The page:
Last week, Common Grounds was filled with EMU students and faculty sharing stories of what it feels like to see snow for the first time at age 10 or to be overwhelmed by the seemingly infinite choices of the cereal aisle. On Thursday, March 15 at 9 p.m., the Third Culture Kid Club held a panel in Common Grounds to inform the EMU community about the experiences that define their club.
The panel was made up of five EMU professors who each spent at least a portion of their childhood in a culture other than mainstream American, which qualifies them as Third Culture Kids (or TCKs): Lester Zook, Nancy Heisey, Matt Siderhurst, Carolyn Stauffer, and Carl Stauffer. Carl Stauffer, a professor at the Center for Justice and Peacebuilding, facilitated the event by posing questions to the panelists.
The panel event was organized by the co-leaders of the Third Culture Kid club, Senior Tim Heishman and Sophomore Melody Tobin. “We knew that getting five TCK professors together in one room to tell stories would be a great time,” said Heishman, “so that was reason enough to organize the event. Also, we wanted to increase people’s awareness of what a Third Culture Kid is, and what the TCK experience is like.”
The stories told by members of the panel ranged in topic from culture shock to personality quirks to spiritual formation. All five professors agreed that returning to the U.S. after living in another culture is challenging in various ways.
“You think that you’re speaking the same language, but you find that words mean different things,” said Siderhurst, explaining that in Australia, the term “sloppy joe” refers to a sweatshirt.
“I blame all my spelling errors on learning to read and write in a language that goes from right to left,” said Carolyn Stauffer, who spent her childhood in Israel learning Hebrew.
Carl Stauffer related his unawareness of popular culture and style upon returning from Vietnam, including his thrift-store clothing and the habit of squatting while waiting.
Heisey reflected on her experience with living among the Navajo people in New Mexico and how it impacted her spiritual journey. “My classmates who were bullying me [for being white] have actually suffered from some of the worst parts of American history[...]” said Heisey, “but I didn’t know that as a child.” Zook agreed, emphasizing his experience with being defined by Christianity and feeling like “a stranger in a strange land” after returning from Zimbabwe.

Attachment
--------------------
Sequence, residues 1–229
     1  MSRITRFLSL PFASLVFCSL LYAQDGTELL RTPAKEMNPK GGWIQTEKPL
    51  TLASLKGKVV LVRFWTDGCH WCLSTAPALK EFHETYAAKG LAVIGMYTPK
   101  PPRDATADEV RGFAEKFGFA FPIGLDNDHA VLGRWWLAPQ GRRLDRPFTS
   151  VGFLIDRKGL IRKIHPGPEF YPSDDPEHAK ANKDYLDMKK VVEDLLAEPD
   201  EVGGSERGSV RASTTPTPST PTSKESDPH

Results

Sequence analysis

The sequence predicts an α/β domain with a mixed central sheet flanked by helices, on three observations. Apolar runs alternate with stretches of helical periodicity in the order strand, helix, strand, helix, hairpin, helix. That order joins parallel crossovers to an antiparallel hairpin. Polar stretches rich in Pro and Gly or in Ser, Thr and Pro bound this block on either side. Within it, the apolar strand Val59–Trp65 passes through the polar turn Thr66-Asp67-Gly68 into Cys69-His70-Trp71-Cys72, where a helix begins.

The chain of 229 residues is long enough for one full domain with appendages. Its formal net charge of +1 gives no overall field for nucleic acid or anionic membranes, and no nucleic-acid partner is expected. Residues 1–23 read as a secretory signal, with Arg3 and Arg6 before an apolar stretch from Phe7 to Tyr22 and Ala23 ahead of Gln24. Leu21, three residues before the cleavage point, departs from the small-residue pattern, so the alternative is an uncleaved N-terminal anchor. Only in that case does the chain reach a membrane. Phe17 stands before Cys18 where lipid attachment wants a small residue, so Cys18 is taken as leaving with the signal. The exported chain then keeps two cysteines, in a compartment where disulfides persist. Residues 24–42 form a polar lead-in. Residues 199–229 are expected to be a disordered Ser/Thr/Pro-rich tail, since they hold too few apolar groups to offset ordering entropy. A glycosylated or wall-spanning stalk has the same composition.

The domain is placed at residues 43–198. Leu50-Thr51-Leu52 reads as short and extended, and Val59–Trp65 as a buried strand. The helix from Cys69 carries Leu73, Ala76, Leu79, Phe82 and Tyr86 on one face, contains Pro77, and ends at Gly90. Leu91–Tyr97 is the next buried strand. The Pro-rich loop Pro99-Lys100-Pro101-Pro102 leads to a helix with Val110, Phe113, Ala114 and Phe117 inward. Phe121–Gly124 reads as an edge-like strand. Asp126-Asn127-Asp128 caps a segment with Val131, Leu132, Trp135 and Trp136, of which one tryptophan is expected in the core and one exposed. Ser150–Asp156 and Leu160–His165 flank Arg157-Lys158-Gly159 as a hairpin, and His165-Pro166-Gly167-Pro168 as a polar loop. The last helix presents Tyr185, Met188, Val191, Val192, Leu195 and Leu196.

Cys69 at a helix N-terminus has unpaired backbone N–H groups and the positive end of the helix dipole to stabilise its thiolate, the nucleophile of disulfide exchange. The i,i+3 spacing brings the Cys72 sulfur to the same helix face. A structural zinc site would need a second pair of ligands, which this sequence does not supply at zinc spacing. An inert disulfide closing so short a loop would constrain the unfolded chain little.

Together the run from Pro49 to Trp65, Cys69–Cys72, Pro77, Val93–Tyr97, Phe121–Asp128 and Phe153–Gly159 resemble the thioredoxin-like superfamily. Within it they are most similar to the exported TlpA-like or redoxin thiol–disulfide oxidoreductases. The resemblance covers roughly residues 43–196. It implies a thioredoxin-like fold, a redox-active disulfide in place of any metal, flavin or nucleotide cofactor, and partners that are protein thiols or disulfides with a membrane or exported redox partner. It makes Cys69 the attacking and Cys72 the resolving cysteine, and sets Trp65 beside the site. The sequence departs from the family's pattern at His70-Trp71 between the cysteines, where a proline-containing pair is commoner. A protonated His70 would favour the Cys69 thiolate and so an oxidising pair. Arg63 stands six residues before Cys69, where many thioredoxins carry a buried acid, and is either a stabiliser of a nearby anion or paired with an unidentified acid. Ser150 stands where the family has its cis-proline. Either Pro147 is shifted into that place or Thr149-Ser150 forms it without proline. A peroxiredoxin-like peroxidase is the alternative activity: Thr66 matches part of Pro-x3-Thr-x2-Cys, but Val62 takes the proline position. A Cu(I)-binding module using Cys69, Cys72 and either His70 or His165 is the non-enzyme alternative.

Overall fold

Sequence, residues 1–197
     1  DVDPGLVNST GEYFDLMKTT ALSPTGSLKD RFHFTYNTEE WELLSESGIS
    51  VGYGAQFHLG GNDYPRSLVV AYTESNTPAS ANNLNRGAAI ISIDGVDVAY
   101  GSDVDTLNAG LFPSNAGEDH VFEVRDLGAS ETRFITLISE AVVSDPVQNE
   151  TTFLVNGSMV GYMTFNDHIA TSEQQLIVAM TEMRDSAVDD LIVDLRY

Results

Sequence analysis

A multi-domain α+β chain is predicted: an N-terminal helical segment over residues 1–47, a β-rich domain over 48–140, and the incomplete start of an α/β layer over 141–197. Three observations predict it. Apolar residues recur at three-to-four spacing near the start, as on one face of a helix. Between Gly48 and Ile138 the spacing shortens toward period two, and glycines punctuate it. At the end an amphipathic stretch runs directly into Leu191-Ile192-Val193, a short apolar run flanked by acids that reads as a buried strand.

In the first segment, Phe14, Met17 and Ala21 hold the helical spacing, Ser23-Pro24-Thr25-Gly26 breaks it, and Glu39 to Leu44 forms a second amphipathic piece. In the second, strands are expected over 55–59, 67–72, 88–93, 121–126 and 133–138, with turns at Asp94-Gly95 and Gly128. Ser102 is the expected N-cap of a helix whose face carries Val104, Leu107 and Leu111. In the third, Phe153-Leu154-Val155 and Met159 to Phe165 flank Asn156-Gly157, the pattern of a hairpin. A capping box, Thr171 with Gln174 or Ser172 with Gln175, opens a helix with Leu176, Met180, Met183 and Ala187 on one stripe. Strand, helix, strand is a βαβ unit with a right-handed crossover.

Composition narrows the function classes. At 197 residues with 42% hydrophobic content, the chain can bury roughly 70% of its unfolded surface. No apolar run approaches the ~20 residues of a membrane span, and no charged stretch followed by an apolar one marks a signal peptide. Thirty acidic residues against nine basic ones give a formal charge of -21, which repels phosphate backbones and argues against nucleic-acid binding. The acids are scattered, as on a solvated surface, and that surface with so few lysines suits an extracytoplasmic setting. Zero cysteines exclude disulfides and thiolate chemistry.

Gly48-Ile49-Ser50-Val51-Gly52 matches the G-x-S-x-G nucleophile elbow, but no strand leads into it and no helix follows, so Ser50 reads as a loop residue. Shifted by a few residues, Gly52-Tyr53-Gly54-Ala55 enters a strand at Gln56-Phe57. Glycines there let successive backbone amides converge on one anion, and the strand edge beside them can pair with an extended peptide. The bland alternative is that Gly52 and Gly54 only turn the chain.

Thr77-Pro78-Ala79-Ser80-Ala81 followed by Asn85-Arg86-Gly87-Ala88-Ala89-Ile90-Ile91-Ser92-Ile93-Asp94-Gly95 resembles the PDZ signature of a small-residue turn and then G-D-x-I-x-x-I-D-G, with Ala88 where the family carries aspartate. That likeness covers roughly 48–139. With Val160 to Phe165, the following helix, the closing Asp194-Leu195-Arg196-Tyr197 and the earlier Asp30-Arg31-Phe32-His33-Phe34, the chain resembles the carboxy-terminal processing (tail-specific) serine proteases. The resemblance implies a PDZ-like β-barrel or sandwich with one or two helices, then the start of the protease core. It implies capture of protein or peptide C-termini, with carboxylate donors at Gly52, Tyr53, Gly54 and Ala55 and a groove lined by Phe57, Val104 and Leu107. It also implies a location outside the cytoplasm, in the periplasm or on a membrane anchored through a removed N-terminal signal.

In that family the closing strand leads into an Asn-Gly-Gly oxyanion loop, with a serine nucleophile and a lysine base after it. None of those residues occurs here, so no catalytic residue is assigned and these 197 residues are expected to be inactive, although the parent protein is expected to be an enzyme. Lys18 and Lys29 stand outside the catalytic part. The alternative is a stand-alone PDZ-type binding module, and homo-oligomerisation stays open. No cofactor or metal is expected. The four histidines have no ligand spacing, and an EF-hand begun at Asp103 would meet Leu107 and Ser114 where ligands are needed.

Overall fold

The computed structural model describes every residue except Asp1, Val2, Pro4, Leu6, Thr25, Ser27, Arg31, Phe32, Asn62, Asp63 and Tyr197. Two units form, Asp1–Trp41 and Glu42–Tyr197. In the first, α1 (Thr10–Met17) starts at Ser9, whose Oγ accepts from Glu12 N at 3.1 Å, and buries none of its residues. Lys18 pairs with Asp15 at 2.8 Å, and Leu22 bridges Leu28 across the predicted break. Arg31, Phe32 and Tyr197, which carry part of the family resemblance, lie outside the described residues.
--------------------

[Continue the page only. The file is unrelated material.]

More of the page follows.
To balance the serious content, the panelists also told “adventure stories,” earning many laughs from the audience. Zook recounted a story of his family being chased by an elephant, while Siderhurst entertained listeners with a tale of himself and his childhood friends accidentally setting a pumpkin on fire. Carolyn Stauffer explained that a stranger once offered her father forty camels for her to join his harem.
“The professors were very articulate, and I think there was a good balance between entertaining stories and deep reflections,” said Heishman.
Conversation continued in Common Grounds long after the panel had ended. “I was impressed with the turnout, and it was great fun to hear all about the adventures had by some of our professors when they were younger,” said Junior Abbey Carr. “I had some fantastic smaller group discussion afterwards with Carolyn Stauffer that proved insightful as well as refreshing.”
“I related a lot to what the professors on the panel had to say, having grown up overseas myself,” said Sophomore Nicole Groff. “It was good because although I identify with them, I can’t always articulate why I feel a certain way or do things just a bit differently than the status quo.”